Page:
The District 233 school board has decided now is not the time to launch a major renovation project for its culinary and fashion design programs.
Supply chain issues, labor shortages and federal dollars generating construction work in schools are impacting efforts to get the work at Homewood-Flossmoor High School off the ground, said Ed Wright, architect with DLA Architects, who is helping design the space for culinary, fashion design and interior design classes.
The district solicited bids for the work, but they were way over the district‘s $3 million budget.
Wright said when H-F’s fine arts wing was begun in May 2019, the cost was approximately $350 a square foot. That was new construction. By contrast, this project calls for remodeling space in the North Building. Wright said he estimated costs at $400 a square foot.
The district got seven bids, but the contracts came in at about $525 a square foot. Wright said getting seven bids was promising but the costs were out of line, and several bidders said it was because costing more to guarantee they’d have subcontractors lined up for the job.
Board member Nate Legardy called the bids “eye-popping.” Although he admitted “there’s no guarantee the market’s going to deflate, but perhaps it’ll cool off a bit.”
The original plan was to start part of the work remodeling one classroom over the holiday break and the major renovation and build-out for a commercial kitchen would be done over the summer, but the board took Wright’s suggestion to put the project on hold.
“It’s fiscally responsible to wait. We’re not going to stop the project per se, we’re just putting it on pause,” said Superintendent Scott Wakeley.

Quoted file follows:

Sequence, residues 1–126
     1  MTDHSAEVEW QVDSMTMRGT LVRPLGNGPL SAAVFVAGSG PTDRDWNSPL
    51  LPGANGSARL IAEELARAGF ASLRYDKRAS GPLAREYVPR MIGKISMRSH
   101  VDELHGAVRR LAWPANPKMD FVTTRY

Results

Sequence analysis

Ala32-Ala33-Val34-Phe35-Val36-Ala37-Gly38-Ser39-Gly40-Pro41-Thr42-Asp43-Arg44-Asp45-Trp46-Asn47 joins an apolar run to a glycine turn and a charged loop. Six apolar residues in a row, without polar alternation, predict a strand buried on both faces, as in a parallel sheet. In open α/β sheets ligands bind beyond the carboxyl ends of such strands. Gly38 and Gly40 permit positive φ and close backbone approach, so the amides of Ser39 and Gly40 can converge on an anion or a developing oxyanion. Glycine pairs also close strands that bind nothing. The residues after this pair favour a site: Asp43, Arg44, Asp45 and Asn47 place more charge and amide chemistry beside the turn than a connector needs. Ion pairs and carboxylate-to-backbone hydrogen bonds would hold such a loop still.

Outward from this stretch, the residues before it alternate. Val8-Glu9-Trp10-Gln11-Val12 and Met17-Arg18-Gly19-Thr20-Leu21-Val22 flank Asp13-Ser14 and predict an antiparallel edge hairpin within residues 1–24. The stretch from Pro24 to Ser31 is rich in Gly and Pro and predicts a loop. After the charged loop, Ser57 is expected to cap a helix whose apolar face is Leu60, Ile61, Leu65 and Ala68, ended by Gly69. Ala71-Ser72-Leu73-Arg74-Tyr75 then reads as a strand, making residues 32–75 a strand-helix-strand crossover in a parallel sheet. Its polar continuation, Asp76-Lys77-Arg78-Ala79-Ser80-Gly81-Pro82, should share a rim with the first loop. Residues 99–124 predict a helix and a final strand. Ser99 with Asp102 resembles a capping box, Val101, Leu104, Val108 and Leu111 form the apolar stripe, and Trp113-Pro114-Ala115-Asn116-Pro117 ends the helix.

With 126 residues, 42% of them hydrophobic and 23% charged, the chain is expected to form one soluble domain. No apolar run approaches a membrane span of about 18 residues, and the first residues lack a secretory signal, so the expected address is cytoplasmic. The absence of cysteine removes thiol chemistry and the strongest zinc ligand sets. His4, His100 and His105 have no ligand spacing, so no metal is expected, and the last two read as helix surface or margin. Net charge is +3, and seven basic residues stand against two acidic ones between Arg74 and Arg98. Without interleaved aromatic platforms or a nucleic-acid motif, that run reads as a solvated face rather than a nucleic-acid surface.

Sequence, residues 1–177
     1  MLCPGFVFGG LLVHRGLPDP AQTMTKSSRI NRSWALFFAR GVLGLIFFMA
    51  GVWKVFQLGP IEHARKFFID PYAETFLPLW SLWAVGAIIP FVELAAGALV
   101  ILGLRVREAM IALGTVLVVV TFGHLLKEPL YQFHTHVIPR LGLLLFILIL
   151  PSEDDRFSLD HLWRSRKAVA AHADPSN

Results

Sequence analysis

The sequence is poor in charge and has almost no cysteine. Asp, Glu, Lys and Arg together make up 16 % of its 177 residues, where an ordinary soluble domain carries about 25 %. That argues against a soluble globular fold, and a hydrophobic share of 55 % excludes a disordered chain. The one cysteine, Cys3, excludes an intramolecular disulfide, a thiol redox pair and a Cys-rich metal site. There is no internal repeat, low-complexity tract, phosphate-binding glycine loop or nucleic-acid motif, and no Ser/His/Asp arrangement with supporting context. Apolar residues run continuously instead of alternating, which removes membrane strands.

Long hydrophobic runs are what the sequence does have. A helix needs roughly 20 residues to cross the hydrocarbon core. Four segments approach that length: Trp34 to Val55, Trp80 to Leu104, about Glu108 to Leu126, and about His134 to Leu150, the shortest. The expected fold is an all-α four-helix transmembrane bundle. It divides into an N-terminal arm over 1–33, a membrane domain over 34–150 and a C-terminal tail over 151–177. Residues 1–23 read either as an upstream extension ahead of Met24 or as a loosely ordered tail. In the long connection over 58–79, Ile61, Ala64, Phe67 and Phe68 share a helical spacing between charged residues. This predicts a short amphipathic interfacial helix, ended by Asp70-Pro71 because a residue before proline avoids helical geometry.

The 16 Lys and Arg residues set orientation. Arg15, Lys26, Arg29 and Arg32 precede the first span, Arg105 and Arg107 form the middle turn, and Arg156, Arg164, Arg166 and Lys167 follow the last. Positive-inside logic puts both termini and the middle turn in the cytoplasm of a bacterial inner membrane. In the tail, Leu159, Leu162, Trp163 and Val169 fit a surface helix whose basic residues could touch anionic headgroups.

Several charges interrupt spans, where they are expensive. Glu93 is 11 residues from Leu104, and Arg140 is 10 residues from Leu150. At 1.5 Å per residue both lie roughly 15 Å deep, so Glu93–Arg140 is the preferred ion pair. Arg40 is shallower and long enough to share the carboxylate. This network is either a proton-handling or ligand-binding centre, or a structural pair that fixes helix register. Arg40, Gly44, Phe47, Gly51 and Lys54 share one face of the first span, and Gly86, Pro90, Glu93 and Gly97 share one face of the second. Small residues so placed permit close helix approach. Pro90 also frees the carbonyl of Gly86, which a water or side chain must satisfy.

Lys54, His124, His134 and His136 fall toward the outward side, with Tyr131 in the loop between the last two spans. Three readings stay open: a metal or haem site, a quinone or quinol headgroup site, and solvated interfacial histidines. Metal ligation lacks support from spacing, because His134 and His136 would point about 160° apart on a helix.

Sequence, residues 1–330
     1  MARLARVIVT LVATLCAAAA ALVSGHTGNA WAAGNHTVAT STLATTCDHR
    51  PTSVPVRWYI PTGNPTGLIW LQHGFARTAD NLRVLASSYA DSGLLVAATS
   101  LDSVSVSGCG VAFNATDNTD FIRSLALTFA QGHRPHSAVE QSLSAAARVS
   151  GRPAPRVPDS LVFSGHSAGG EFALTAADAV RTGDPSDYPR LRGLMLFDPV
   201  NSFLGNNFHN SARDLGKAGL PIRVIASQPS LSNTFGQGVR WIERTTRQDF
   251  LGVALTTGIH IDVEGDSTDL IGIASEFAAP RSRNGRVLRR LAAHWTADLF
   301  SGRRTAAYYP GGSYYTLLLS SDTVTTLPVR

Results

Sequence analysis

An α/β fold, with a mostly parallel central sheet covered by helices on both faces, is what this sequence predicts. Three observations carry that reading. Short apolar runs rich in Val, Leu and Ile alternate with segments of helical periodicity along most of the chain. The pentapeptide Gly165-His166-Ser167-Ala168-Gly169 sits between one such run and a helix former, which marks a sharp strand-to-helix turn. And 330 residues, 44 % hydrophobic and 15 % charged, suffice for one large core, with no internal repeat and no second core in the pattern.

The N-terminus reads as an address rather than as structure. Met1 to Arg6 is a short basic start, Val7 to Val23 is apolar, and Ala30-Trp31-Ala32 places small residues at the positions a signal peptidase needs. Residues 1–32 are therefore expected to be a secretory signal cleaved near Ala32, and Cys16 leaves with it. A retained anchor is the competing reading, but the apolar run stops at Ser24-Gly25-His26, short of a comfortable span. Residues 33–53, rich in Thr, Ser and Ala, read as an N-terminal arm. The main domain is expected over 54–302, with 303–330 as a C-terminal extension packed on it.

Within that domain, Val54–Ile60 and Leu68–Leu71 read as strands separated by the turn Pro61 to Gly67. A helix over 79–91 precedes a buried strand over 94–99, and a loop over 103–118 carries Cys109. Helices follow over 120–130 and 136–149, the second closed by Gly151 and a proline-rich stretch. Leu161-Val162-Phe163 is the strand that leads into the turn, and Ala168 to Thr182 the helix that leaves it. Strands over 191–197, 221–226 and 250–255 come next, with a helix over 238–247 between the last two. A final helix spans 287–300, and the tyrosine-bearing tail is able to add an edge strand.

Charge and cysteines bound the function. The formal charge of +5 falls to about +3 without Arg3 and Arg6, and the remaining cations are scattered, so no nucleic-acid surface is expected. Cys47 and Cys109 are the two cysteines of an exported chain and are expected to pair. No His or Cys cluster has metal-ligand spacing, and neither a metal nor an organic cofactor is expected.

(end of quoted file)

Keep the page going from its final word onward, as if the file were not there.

Wright said he is hoping by spring the market cost will have dropped some, but he told board members not to expect they will drop down to the $3 million cost it originally projected.
The district already put the new science wing on hold until spring because of the expected high costs.
The district borrowed $20 million to cover construction costs. A delay of the projects will not have a negative effect on its borrowing agreement because the district has a three-year window to spend that money, said Lawrence Cook, chief school business official for District 233.
Wakeley said he met with the faculty, and they were understanding of the situation.
Board member Debbie Berman said despite the high costs, she doesn’t want to see the board make any changes to the culinary and fashion design proposal. She recalled how things were cut from the fine arts project only to be added back later.
She also wondered what the district could do to try and accommodate the students who aren’t getting into the popular culinary program. Some students have been forced onto waiting lists due to the limited space, and others who want to advance don’t have the opportunity because H-F doesn’t have a commercial kitchen.
The project’s biggest expense is the commercial kitchen. Wright had estimated the equipment would be between $610,000 and $650,000, but in summer he admitted that supply chain issues could cause delays and possibly cost increases.
The superintendent said the program “can’t accommodate more students than we are. And unfortunately, by pushing back (construction), the implication is not all students are going to be able to take the class. That’s the unfortunate nature of this, although we knew that next year we’d be in that situation because we’d be under construction.”
Wright’s new target is to rebid the culinary and fashion design work in a March/April timeframe along with the science wing proposal. He’s thinking putting the bids together may help reduce costs, and it could help keep the culinary project on schedule for summer work.